On July 4, 1826, America celebrated the 50th anniversary of the Declaration of Independence and the founding of the republic. America's Jubilee is a lively and well-written series of snapshots that attempts to render the pulse of the nation at that auspicious moment on the eve of jubilation and celebration.
Eighteen twenty-six was not only a year in which to rejoice about a half-century of independence. It was a very important marker in America's history. Bridging the contested election of 1824 and the emergence of the Age of Jackson in 1828, it marked the year of transition for the young nation: the end of government by the Founding Fathers. Indeed, it signaled the end of the Revolutionary War generation's domination of the White House. In 1826, America chose the path that would lead it from the end of the romantic era to the first moments of the modern age.
Professor Burstein's narrative draws on events in the lives of a number of early-19th-century America's famous and not-so-famous citizens. It employs interdisciplinary methods to weave a complex and uniquely American quilt. Some of the stories of John Quincy Adams, Andrew Jackson, Henry Clay, and the most famous "Nation's Guest," the Marquis de Lafayette, are well known. America's Jubilee is particularly strong as it unfolds the last days of Thomas Jefferson and John Adams. These two giants of the heroic generation both died, hours apart, on July 4, 1826. With their passing, we become witnesses to the death of an era. But America's Jubilee is less about retelling the myths of the Great Men then it is about giving us a lively insight into the checkered cultures that flourished across the young nation at this moment of national reflection.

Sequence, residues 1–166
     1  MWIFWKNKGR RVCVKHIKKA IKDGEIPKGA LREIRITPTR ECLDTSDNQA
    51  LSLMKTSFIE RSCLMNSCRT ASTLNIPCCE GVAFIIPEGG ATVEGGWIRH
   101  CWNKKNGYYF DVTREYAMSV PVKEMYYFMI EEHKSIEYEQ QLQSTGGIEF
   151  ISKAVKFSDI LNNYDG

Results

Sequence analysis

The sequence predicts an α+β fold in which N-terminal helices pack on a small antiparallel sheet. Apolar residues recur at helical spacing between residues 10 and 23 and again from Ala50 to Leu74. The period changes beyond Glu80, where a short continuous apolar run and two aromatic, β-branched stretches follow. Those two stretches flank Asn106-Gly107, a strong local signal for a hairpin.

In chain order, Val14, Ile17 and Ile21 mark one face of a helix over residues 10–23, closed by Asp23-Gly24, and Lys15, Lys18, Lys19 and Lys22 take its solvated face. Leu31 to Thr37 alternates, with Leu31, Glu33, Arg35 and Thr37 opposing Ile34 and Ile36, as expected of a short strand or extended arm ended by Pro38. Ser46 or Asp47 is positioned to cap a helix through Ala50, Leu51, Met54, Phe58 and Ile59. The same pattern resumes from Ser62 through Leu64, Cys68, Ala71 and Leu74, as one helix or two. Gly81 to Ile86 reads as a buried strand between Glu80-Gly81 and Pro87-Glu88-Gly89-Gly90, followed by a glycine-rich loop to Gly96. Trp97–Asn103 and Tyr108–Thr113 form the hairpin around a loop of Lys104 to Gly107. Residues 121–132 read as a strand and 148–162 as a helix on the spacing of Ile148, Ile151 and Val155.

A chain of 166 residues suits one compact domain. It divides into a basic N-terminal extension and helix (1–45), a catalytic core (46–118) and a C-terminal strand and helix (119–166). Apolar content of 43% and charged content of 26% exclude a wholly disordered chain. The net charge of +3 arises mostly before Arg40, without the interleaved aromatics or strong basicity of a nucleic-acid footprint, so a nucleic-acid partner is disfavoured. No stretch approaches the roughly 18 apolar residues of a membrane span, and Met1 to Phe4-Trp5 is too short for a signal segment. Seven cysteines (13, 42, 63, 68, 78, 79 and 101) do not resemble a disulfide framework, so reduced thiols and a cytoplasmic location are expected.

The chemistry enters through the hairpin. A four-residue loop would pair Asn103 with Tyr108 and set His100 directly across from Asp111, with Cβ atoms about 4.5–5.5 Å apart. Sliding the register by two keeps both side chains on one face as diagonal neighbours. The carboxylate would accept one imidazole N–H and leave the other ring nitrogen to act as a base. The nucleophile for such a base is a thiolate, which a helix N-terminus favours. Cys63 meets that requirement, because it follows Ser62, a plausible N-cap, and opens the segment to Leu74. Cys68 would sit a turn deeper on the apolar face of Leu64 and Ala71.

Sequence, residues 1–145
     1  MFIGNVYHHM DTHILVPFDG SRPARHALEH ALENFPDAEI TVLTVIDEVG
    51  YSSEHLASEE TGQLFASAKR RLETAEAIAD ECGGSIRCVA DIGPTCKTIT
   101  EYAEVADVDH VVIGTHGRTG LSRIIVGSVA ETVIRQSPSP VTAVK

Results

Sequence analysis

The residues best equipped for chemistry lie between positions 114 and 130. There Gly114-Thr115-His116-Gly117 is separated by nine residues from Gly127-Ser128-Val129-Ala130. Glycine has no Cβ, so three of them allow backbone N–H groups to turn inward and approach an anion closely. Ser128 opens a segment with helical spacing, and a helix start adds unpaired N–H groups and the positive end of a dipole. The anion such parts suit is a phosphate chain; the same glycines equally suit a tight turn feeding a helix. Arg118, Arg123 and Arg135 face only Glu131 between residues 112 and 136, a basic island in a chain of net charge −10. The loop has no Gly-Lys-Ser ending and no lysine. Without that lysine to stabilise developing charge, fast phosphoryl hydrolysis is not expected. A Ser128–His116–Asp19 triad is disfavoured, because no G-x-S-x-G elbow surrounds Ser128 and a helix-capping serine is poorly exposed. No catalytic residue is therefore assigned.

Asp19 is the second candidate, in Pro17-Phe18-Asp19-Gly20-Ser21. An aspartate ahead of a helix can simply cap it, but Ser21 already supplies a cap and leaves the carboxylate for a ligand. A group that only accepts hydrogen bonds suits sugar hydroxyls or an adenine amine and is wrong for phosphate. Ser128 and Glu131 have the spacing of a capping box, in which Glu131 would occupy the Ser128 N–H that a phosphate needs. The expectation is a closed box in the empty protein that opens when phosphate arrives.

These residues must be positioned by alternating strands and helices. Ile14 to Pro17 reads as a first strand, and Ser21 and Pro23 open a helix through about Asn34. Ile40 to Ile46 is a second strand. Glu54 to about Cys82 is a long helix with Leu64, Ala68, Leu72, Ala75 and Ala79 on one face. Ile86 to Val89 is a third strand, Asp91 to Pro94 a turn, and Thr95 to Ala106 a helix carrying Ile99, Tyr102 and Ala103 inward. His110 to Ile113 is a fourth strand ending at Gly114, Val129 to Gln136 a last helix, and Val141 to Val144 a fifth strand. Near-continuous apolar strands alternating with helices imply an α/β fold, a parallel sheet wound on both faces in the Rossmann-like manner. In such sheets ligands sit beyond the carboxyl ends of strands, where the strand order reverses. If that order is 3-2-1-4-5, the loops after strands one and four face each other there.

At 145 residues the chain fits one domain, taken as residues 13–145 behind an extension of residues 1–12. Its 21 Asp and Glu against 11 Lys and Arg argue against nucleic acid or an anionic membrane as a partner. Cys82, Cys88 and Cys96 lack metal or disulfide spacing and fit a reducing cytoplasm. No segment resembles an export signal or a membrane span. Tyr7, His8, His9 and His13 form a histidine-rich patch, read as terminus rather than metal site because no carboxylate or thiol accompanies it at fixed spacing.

The book is at its best as it recovers and re-presents to us glimpses into the world of everyday 19th-century America. We hear about mother-and-daughter novelists Hannah and Eliza Foster, already busy at romanticizing the great epoch recently past. We find a particularly lively sketch about William Wirt, an early-19th-century workaholic attorney, who juggles family obligations and duty to the state. In the portrait of Governor Ethan Allen Brown, we gain new insight into the rush to build canals, which provided the bridge between the American wilderness and the dawn of the industrial age. At the same time, as we read about everyday from the journal of Ruth Bascom, wife of Reverend Ezekiel Bascom, we get a vibrant sense of small-town New England life in the first quarter of the 19th century. Although there is no inherent drama, there is a compelling document fashioned.
In telling all these stories and others, Professor Burstein weaves an American quilt as complex as the many crises the young republic faced and survived in its earliest years. As we moved in 1826 from the issues that formed and fashioned us to those which would bring us to the brink of civil war, we stopped as a young nation, and celebrated the past, wildly enthusiastic for what was still ahead. America's Jubilee sets us on the road to illuminate our evolution, while it explores and demystifies our most cherished collective national memories.
Elena Pinto Simon lives in New York City.